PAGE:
King Faisal International Prize (KFIP) recognizes excellence in 5 categories: Service to Islam, Islamic Studies, Arabic Language & Literature, Medicine, and Science, since 1979

Professor Ramzi Mounir Baalbaki

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Topic: Studies Dealing with Arabic Grammatical Thought


Nationality: Lebanon

2010-Ramzi-Mounir-Baalbaki-(AL&L)Ramzi Mounir Baalbaki was born in Beirut, Lebanon on 27th October, 1951. He earned his BA with high distinction and Penrose Award in 1973 and MA in Arabic Language and Literature in 1975 from the American University of Beirut (AUB), and Ph.D. in Arabic Grammar and Comparative Semitics from the School of Oriental and African Studies at the University of London in 1978. During his academic career at AUB which spans over 30 years, he established himself as a distinguished teacher and scholar, particularly in the field of Arabic grammatical thought. He quickly progressed from Assistant Professor in 1978 to full Professor in 1989, and is currently the Margret Weyerhaeuser Jewett Professor and Chairman of the Department of Arabic and Near Eastern Languages at AUB. He was Visiting Scholar at the Universities of Cambridge (1988), Chicago (1993) and Georgetown (1998) and scholar in residence at Georgetown University (1999). He also served as Director of the Center for Arab and Middle East Studies (1985-1990) and Associate Dean of the College of Arts and Sciences (1997-2004) at AUB.

Professor Baalbaki is one of the most respected scholars of Arabic grammatical studies. He wrote several major books and about 60 scholarly articles and book chapters on this subject. He also produced critical editions of Arabic texts in grammar, biographical writing and lexicography. His books include: al-Kitaba al-Arabiyya wa-l Samiyya: Dirasat fi Tarikh al-Kitaba ind al-samiyyin (Studies in Arabic and Semitic Epigraphy)(1981; 424 pp); Dictionary of Linguistic Terms: Arabic-English (1990; 806 pp); Fiqh al-Arabiyya al-Muqaran: Dirasat fi Aswat al-Arabiyyia wa Sarfiha wa Nahwiha ala Daw’ al-Lugat al-Samiyya (Comparative Arabic Philology: Studies in Arabic Phonology, Morphology and Syntax in the Light of Semitic Languages) (1999; 277 pp); Grammarians and Grammatical Theory in the Medieval Arabic Tradition (2004; 354 pp); and The Legacy of the Kitab: Sibawayhi’s Analytical Methods Within the Context of the Arabic Grammatical Theory (2008; 334 pp). He also completed Al-Mawrid al-Akbar (2005; 2155 pp) which was started by his late father Mounir Baalbaki.

Professor Baalbaki’s editions include: Das Biografische Lexikon des Salahaddin Halil ibn Aibak as-Safadi vol. 22, Bibliotika Islamika vol. 5 (1983; 568 pp); A Study and Edition of Ibn Duraid’s Gumharat al-Luga (3 volume; 1997-1988; 1782 pp); A Study and Edition of Ibn Aqil’s Sharh ala Alfiyyat Ibn Malik (1992; 762 pp) and Al-Baladhuri’s Ansab al-Ashraf, vol 7/1 Bibliotika Islamika, 28i (1997; 672 pp) He also edited the following volumes: Arab Language and Culture, Special volume of al-Abhath (1983; 242 pp); Quest for Understanding Arabic and Islamic Studies: in Honor of Malcolm H. Kerr (co-edited with S. Seikaly and P. Dodd) (1990; 326 pp); The Formation of the Classical Islamic World: The Early Islamic Grammatical Tradition (2007; 336 pp) and Poetry and History; The Value of Poetry in Reconstructing Arab History (co-edited with T. Khalidi and S. S. Agha).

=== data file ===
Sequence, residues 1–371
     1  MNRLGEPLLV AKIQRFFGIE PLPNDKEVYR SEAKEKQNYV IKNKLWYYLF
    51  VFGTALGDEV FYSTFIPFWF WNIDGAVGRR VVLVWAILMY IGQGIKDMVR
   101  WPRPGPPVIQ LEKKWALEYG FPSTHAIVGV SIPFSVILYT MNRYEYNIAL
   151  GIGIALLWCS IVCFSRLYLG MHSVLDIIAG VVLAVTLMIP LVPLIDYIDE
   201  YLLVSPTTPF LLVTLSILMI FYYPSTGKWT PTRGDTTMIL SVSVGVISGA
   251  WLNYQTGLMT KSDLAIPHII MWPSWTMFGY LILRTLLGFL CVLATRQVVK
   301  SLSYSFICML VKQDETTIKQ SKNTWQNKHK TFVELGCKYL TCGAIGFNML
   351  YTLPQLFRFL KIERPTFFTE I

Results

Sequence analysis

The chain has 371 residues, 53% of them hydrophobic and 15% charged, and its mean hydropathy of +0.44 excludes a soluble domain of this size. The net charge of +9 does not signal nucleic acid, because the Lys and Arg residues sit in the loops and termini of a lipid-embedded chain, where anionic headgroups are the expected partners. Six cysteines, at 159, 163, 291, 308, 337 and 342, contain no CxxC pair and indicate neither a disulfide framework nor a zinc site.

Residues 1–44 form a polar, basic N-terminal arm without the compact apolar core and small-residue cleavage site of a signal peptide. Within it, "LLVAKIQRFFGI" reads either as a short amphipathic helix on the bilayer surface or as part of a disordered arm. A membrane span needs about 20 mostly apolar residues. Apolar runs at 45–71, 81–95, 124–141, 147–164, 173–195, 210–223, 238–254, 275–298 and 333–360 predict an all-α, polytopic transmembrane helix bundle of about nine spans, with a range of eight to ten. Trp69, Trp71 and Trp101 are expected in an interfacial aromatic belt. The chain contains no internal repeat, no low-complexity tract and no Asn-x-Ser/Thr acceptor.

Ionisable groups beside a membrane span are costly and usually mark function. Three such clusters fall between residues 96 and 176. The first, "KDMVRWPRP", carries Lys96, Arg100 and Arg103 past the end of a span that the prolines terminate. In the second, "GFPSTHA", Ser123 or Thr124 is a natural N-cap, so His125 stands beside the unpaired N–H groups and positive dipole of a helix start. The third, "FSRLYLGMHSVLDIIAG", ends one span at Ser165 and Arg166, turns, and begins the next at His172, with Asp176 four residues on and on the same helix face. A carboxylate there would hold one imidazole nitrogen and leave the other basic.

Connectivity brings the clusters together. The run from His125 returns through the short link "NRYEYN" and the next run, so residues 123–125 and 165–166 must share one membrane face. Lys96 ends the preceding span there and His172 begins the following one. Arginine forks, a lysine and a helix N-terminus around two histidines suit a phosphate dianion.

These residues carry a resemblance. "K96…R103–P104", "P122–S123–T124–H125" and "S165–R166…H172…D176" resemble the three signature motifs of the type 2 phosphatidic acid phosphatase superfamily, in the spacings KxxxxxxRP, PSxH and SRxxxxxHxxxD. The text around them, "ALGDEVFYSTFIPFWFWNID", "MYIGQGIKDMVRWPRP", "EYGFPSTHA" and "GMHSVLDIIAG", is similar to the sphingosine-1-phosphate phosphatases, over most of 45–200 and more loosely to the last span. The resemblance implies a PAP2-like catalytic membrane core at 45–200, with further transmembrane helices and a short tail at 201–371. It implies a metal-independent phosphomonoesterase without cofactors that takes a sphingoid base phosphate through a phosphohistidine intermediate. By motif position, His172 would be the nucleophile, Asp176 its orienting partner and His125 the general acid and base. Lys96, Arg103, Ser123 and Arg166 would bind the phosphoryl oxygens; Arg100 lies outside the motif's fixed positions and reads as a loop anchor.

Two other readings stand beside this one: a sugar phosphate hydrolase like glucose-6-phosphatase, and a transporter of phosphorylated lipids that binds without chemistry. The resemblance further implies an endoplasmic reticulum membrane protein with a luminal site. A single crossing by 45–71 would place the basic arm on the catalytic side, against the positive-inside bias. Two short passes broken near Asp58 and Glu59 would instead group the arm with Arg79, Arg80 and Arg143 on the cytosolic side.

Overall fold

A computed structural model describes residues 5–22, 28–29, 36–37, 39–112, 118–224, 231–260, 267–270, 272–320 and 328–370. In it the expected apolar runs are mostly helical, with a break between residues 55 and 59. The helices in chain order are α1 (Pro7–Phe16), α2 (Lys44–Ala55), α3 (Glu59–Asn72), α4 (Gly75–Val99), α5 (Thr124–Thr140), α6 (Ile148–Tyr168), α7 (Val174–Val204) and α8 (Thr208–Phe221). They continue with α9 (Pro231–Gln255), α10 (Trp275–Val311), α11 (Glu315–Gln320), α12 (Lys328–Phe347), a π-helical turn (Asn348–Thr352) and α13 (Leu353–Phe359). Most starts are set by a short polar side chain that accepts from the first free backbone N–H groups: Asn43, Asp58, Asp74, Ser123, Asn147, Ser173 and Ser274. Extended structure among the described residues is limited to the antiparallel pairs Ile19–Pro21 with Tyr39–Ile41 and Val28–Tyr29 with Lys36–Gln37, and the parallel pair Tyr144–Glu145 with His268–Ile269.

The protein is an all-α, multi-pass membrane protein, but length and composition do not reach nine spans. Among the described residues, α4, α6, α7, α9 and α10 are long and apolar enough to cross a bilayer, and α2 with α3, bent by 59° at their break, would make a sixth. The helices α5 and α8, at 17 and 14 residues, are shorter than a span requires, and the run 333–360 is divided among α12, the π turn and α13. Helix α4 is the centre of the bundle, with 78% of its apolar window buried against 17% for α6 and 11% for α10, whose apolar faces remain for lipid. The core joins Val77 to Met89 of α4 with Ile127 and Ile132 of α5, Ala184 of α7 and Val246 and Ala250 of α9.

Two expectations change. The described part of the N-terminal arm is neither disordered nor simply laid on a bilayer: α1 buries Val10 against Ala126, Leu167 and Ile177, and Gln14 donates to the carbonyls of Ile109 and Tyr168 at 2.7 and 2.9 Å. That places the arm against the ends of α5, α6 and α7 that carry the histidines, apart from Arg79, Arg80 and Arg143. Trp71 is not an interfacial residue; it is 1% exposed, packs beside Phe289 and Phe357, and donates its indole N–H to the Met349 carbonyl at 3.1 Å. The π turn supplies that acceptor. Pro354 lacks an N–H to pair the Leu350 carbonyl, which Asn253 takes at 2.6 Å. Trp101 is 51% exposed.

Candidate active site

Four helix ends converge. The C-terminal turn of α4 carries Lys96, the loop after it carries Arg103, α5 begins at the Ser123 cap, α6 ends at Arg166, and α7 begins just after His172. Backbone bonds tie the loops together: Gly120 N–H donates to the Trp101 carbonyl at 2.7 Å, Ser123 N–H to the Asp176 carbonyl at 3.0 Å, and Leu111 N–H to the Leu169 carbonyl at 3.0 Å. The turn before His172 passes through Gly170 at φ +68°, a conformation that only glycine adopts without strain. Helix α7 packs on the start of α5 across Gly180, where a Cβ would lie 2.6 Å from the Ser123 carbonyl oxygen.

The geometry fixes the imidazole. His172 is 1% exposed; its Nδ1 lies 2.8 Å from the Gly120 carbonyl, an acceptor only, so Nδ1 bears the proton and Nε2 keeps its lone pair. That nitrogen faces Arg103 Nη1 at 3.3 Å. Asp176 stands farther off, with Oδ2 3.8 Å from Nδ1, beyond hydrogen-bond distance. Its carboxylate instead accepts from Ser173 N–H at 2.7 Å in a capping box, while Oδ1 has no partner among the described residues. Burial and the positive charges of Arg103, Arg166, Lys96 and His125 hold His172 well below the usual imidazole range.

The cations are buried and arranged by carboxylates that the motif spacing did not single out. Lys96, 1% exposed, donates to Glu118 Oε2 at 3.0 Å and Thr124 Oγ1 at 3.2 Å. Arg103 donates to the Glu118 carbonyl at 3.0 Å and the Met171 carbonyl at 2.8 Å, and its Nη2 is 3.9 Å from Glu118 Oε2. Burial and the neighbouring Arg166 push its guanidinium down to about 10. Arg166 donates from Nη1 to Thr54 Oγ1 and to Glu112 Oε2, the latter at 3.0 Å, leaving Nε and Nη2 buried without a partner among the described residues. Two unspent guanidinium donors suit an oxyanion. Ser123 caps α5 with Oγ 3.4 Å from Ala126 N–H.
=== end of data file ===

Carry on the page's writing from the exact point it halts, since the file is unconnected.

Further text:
Professor Baalabaki’s insightful and coherent research and his publications (in Arabic and English) on Arabic grammar, its origins, its centrality within the wider Arab culture and its relationships and contributions to several areas of Islamic studies have brought new dimensions to the study of Arabic grammatical heritage and analytical methods of early grammarians, and significantly enhanced knowledge of early Arabic grammatical thought among Western scholars, particularly with regards to the Kitab of Sibawayh, a revered ancient scholar and founder of Arabic grammar. In view of his outstanding contributions to the study of the history of the Arabic grammatical tradition, Professor Baalbaki was chosen by the prestigious series The Formation of the Classical Islamic World to produce its volume The Early Islamic Grammatical Tradition (2007) while the Varorium Collected Studies Series reprinted eighteen of his articles under one title Grammarians and Grammatical Theory in the Medieval Arabic Tradition (2004). He was also awarded the 1999 Prize for Humanities by Abdel Hadi Al-Dibs Foundation in Lebanon. He is a member of the editorial boards of: Encyclopedia of Arabic Language and Linguistics, Brill, Leiden; Journal of Arabic and Islamic Studies, Oslo; Journal of Arabic Linguistic Tradition, Washington, D.C.; Langues et Literatures du Monde Arabe, Paris; Majallat al-Mu’jamiyya al-‘Arabiyya, Tunisia; Romano Arabica, Bucharest and The Arabic Historical Dictionary (Arab Language Academy, Cairo). He also served as editor of al-Abhath from 1985 to 1996.

Professor Baalabaki has been awarded the prize for his outstanding original research on Arabic grammatical thought. His publications, in Arabic and English, have enhanced Arabic grammar education in western institutions and familiarized western researchers with the fundamental manuscript of Si-Bawaih, a revered ancient scholar and founder of Arabic grammar, whose thoughts and methods have profoundly influenced his successors to the present day.

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